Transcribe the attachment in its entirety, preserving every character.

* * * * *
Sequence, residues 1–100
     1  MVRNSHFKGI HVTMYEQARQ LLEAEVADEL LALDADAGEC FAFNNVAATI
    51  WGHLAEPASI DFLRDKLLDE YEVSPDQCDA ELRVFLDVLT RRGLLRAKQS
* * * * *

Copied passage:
Sequence, residues 1–100
     1  MVRNSHFKGI HVTMYEQARQ LLEAEVADEL LALDADAGEC FAFNNVAATI
    51  WGHLAEPASI DFLRDKLLDE YEVSPDQCDA ELRVFLDVLT RRGLLRAKQS